| When you visit web sites you can read newspapers,
tour museums, check out libraries, visit distant lands, play games,
look at pictures, shop, or do research to help you with your homework.
There are millions of web sites on just about every subject imaginable.
Some web sites are awesome, others are boring, and some contain
so-called “adult” images and other material that can
be dangerous for teens. Others are demeaning, racist, sexist, and
violent or contain false information. Some of these sites contain
stuff that can make people feel badly or even hurt people. If you
end up in any of these areas, immediately leave by clicking on the
Home icon, going to another site, or shutting down your browser.
Some web sites ask for information about you. The site may ask
for your name, your mailing address, your E-mail address, and other
information before letting you in. It may ask you to provide information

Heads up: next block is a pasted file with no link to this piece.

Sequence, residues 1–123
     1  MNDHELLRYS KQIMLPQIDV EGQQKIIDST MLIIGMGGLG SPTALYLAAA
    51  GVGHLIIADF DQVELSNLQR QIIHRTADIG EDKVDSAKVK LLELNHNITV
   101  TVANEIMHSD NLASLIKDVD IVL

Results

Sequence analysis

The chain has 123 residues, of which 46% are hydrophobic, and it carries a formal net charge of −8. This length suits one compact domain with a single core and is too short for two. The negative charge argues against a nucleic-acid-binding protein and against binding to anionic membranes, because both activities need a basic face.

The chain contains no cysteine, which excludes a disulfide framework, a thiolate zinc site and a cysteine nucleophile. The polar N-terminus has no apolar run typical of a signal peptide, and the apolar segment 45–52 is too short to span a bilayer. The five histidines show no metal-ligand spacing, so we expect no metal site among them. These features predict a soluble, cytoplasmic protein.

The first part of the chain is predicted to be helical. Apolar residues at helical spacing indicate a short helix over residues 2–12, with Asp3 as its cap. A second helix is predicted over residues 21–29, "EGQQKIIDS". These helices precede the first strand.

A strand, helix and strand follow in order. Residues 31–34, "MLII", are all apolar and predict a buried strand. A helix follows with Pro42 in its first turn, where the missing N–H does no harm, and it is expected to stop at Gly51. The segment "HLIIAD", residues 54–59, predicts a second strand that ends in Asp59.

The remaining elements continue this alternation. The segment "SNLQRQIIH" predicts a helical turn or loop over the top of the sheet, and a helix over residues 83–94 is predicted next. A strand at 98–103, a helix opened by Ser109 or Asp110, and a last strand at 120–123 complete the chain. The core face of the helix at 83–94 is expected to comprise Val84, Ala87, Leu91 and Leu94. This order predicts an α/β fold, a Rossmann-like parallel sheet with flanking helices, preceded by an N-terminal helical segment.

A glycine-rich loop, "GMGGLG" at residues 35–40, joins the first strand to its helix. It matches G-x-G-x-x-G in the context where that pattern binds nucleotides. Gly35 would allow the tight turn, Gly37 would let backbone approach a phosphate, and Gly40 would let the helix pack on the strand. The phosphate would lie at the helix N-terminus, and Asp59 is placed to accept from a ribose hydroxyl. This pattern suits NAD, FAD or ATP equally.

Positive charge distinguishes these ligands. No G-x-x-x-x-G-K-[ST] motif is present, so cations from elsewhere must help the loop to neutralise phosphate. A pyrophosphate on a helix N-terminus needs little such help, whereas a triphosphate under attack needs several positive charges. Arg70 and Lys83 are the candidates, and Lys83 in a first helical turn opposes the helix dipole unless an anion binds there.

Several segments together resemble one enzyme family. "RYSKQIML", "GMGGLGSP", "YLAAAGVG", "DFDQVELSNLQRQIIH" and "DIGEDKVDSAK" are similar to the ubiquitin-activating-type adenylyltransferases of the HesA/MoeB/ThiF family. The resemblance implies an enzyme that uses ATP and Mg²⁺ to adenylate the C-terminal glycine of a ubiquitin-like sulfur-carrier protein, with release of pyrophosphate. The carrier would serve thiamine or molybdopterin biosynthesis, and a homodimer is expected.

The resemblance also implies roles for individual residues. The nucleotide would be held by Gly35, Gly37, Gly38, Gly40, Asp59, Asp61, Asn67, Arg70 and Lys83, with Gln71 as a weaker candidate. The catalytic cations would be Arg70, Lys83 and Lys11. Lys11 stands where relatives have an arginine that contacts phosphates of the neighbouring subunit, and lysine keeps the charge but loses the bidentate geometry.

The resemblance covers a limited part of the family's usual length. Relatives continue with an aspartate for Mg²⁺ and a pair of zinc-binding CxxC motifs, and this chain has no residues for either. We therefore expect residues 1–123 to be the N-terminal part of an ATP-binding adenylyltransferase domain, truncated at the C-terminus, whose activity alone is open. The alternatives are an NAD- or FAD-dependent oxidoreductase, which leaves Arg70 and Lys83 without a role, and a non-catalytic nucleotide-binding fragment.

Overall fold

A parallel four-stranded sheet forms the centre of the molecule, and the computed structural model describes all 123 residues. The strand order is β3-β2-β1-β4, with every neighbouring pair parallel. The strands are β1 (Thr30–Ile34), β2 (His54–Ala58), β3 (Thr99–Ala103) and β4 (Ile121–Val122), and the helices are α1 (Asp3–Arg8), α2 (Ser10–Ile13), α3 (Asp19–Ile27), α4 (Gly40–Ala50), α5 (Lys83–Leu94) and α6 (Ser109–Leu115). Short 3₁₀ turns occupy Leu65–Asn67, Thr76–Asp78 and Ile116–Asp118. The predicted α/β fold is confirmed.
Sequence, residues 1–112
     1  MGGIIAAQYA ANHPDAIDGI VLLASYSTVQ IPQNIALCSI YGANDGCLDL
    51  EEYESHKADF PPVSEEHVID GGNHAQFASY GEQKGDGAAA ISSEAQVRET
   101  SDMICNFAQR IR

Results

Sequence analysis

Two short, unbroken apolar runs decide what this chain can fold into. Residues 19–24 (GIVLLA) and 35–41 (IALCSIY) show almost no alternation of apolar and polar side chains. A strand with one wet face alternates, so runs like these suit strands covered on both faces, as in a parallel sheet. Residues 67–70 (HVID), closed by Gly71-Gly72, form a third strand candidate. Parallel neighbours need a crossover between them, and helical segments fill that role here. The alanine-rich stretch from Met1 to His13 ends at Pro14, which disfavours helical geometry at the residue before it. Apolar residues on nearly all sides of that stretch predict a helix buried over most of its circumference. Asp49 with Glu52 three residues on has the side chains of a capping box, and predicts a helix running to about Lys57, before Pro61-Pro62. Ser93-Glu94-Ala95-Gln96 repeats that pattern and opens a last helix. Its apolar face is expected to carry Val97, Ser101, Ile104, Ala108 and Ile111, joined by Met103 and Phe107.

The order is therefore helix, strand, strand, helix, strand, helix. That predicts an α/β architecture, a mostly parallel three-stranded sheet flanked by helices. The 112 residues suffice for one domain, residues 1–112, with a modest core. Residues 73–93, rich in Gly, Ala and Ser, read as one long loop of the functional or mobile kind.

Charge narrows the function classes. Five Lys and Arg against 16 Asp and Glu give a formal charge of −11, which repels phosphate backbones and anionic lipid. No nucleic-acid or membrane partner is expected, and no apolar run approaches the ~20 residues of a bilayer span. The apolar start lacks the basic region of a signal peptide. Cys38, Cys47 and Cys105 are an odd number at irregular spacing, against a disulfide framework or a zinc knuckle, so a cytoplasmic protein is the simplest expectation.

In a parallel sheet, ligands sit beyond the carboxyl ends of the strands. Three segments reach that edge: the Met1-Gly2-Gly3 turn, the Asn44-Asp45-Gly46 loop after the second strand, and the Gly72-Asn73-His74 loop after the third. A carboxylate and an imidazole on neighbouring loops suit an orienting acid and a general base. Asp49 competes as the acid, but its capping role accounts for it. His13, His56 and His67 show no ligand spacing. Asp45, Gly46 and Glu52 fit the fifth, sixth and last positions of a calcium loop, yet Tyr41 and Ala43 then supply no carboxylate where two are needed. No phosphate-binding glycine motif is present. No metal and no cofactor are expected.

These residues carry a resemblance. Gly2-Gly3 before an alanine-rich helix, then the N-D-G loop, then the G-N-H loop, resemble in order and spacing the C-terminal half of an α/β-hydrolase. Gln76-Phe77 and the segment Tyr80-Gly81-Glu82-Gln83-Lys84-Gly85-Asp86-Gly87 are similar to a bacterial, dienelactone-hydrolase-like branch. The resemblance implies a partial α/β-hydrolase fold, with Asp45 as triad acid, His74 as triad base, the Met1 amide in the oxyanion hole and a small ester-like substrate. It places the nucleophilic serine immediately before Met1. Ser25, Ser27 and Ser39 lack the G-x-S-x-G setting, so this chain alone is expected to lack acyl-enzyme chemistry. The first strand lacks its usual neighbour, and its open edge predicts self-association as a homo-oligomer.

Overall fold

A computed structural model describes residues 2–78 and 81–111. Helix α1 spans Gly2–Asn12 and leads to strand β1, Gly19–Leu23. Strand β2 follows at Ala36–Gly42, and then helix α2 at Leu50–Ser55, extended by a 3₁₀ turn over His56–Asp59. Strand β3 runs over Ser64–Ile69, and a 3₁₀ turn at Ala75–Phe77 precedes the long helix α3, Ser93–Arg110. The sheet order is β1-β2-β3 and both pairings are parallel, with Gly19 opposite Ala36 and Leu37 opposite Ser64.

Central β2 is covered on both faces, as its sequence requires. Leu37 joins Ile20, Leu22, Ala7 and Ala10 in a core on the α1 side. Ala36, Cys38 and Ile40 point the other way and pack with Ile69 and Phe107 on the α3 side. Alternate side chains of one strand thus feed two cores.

in exchange for sending you a gift or entering your name in a contest.
Never enter any information about yourself without first checking
with your parents or guardians.
When you enter information on a web site or any place on the Internet,
you’re giving up some of your privacy. Your name may wind
up in some database, probably to be used to sell you something now
or later. Or it may be used to try to harm or take advantage of
Just because a web site seems to be OK doesn’t mean it necessarily
is what it seems to be. Anyone — including creeps and criminals
— can set up their own web site.
If you download anything from a web site, be extra careful. Some
web sites ask your permission to download a program or “plug-in.”
In some cases these programs can be used to display annoying advertising
on your computer. Even worse, they can invade your privacy by tracking
what you’re doing online. They can also plant viruses or increase
your risk of a “hacker attack.” Don’t download
anything unless you’re certain it is from a trustworthy source.
Some teenagers have their own web sites or post information on
web sites run by the school they go to or an organization they belong
to. That’s terrific, but if you do post something on the web,
be sure to never include your home address, telephone number, school
name, or photograph. If you do want people to be able to contact
you online, just give a nondescript E-mail address, but make sure
you have your parents’ or guardians’ permission first.